Last Updated on Sunday, 27 October 2013 20:37
Written by Katherine Benziger, Ph.D.
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7. DISCOURAGEMENT AND/OR DEPRESSION. Prolonged adaptation can lead to the repeated triggering of the conserve/withdraw reaction form to stress. This can be especially true for high introverts although it can be observed in extroverts who, as years go by, continue to perceive a mismatch between who they are individuals and societal expectations and/or repeated episodes of failure. This can lead to discouragement, especially as fatigue increases, and can contribute to the development of depression or to the exacerbation of existing depression. Estimates suggest that upwards of 20 million individuals in USA are depressed, 15% of whom are suicidal. Prolonged adaptation appears to be a key factor in at least some of these cases.
8. SELF-ESTEEM PROBLEMS. Any or all of the other symptoms can contributed to a perceived diminished overall success in life. In turn, this can whack one's self esteem. Problems in this area can appear as "low self-esteem" or "inflated self-esteem" or flip back and forth between them. Examples include:
- Low self-esteem problems resulting in an individual taking on "victim" characteristics and/or trying to be all things to all people
- Inflated self-esteem problems resulting in an individual taking on "offender" characteristics and/or becoming defensive quickly as a result of years of invalidation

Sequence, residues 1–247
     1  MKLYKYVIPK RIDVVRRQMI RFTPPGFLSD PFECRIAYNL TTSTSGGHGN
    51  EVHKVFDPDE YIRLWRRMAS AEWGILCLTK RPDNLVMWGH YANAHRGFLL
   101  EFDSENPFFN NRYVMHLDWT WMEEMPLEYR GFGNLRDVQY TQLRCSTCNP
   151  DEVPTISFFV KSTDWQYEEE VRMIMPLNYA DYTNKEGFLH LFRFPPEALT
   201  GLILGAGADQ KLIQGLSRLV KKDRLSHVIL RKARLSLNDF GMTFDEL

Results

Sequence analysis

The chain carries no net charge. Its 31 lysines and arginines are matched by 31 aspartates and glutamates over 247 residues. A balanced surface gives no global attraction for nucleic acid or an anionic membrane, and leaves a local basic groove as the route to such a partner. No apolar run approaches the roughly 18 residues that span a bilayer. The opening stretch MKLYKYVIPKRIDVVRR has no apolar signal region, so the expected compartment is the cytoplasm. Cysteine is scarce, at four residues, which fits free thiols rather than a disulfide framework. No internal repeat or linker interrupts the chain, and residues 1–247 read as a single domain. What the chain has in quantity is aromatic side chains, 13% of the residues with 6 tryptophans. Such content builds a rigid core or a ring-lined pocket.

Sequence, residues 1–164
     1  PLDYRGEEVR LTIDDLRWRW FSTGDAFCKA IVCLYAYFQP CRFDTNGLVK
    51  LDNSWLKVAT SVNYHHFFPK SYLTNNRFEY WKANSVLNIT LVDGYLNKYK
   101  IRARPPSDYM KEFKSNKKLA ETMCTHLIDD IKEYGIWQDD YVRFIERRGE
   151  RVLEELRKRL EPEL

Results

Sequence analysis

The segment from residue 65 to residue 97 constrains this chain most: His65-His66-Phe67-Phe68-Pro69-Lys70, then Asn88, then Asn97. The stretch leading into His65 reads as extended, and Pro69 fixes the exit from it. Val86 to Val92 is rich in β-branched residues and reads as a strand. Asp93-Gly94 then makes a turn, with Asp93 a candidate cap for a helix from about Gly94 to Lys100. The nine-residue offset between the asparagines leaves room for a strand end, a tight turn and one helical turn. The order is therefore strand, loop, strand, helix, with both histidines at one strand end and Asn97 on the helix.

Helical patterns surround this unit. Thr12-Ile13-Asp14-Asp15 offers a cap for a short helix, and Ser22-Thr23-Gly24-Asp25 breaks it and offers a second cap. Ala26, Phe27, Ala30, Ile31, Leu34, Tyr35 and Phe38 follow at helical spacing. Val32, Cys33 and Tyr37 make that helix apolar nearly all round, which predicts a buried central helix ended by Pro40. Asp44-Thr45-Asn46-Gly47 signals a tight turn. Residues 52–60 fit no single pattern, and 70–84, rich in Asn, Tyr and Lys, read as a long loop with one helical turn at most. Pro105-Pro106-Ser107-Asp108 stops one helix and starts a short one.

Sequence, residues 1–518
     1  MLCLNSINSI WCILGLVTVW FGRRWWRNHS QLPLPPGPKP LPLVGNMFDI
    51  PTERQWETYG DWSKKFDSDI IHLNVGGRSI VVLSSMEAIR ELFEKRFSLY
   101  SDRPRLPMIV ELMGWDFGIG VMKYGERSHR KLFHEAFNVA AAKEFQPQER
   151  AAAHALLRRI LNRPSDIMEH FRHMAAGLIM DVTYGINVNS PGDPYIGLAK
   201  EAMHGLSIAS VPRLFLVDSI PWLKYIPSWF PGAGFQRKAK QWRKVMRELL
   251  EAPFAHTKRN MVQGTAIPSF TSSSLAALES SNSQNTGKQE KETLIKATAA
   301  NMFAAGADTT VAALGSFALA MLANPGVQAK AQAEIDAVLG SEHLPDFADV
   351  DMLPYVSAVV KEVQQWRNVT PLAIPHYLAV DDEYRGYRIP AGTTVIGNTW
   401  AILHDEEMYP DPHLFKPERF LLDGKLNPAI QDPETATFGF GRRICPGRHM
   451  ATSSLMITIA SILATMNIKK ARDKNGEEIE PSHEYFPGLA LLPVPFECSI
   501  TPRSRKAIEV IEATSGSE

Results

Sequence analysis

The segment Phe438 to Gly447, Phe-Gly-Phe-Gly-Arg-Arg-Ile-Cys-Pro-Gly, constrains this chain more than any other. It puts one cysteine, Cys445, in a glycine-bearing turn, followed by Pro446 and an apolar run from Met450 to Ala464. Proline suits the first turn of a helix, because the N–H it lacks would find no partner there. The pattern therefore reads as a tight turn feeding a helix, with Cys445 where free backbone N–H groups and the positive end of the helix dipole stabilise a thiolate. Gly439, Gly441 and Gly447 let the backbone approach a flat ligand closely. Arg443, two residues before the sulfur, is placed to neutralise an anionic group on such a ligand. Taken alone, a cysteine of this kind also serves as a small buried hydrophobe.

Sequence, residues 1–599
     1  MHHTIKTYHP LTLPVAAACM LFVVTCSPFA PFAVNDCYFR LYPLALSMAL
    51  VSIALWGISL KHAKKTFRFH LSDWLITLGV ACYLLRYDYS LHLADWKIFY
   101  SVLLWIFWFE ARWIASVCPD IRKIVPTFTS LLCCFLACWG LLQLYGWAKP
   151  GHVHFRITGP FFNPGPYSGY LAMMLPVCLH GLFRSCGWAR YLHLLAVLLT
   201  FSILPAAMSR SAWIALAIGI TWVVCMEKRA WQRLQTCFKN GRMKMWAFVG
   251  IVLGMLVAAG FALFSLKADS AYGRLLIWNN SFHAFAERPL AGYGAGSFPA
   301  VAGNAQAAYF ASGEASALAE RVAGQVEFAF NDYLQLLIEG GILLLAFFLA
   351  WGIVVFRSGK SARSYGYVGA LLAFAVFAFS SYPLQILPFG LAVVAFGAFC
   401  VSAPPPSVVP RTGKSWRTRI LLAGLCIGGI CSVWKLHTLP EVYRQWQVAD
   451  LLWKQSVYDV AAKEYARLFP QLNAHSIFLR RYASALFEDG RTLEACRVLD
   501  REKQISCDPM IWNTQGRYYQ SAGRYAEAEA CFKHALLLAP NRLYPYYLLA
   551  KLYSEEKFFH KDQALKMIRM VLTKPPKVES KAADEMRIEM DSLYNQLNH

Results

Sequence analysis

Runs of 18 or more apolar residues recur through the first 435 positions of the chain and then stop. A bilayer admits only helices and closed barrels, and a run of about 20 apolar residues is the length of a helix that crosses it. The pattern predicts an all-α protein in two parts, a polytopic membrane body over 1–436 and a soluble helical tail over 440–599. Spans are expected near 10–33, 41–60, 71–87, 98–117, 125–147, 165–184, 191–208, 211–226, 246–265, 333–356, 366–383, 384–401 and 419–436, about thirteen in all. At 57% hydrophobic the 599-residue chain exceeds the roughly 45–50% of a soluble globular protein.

- A circular spectrum as the individual swings from one extreme to another. This can sometimes be seen when the individual is invalidated professionally but validated personally with a small group of friends. The resulting dichotomy can be puzzling, unnerving, and even disconcerting as the individual strives (unsuccessfully) to be viewed as successful in both arenas.
It has been said that stressors generally interact with the brain in a two-part equation, or the 20:80 Rule. This suggests that:
As the philosopher Epictetus was quoted as saying: It's not so much what happens to us as what we think about what happens to us that makes the difference.
The 20:80 Rule, therefore, can be not only appropriate but also very helpful in a variety of situations. This can be particular true when the stressors are environmental and situational outside of ourselves. This could include stressors such as: another's individual's attitude towards us, our having been fired from a job, being unable to develop a romantic relationship with a desired individual or a relationship that is clearly in difficulty. In such situations the 20:80 Rule can be of great assistance in pointing us to the value of "reframing" our perception of the stressor.
When a stressor is inside ourselves, however, and involves a mismatch between who we are innately and expectations of society, culture, school, church, and family, the ramifications may be quite different. In these cases, we so often become involved in prolonged adaptation (Falsifying Type) as we strive to obtain rewards or avoid punishment (e.g., shaming, invalidation of the self). Benziger believes that when considering Falsification of Type, neuroscience and experience suggest that the 20:80 Rule may need to be adjusted substantially. The Stressor (Falsifying Type) may contribute as much as 60% of the effect on the mind and body while our perception (Interpretation or Framing of the Stressor) may contribute only about 40% of the effect. The implications are profound. This would play Falsifying Type as a major and potentially life-threatening stressor!